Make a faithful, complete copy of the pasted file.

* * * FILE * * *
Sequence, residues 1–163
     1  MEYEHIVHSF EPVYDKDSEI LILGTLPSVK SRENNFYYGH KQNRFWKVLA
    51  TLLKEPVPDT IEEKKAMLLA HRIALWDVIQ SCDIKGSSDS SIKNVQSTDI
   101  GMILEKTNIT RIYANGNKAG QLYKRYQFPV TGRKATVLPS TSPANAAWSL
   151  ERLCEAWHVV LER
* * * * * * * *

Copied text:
Sequence, residues 1–163
     1  MEYEHIVHSF EPVYDKDSEI LILGTLPSVK SRENNFYYGH KQNRFWKVLA
    51  TLLKEPVPDT IEEKKAMLLA HRIALWDVIQ SCDIKGSSDS SIKNVQSTDI
   101  GMILEKTNIT RIYANGNKAG QLYKRYQFPV TGRKATVLPS TSPANAAWSL
   151  ERLCEAWHVV LER